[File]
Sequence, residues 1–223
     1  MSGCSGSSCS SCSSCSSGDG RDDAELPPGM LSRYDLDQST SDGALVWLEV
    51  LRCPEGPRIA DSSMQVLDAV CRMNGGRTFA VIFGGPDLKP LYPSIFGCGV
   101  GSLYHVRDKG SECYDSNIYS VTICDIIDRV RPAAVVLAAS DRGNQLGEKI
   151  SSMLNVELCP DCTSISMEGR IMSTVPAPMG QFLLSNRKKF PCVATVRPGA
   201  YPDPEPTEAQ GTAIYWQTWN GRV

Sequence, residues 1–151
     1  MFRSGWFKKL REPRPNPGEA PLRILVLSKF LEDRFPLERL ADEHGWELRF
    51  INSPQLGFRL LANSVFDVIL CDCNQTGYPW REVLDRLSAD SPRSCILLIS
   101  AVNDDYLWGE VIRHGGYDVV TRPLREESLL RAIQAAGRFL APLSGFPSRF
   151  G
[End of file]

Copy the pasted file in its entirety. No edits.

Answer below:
Sequence, residues 1–223
     1  MSGCSGSSCS SCSSCSSGDG RDDAELPPGM LSRYDLDQST SDGALVWLEV
    51  LRCPEGPRIA DSSMQVLDAV CRMNGGRTFA VIFGGPDLKP LYPSIFGCGV
   101  GSLYHVRDKG SECYDSNIYS VTICDIIDRV RPAAVVLAAS DRGNQLGEKI
   151  SSMLNVELCP DCTSISMEGR IMSTVPAPMG QFLLSNRKKF PCVATVRPGA
   201  YPDPEPTEAQ GTAIYWQTWN GRV

Sequence, residues 1–151
     1  MFRSGWFKKL REPRPNPGEA PLRILVLSKF LEDRFPLERL ADEHGWELRF
    51  INSPQLGFRL LANSVFDVIL CDCNQTGYPW REVLDRLSAD SPRSCILLIS
   101  AVNDDYLWGE VIRHGGYDVV TRPLREESLL RAIQAAGRFL APLSGFPSRF
   151  G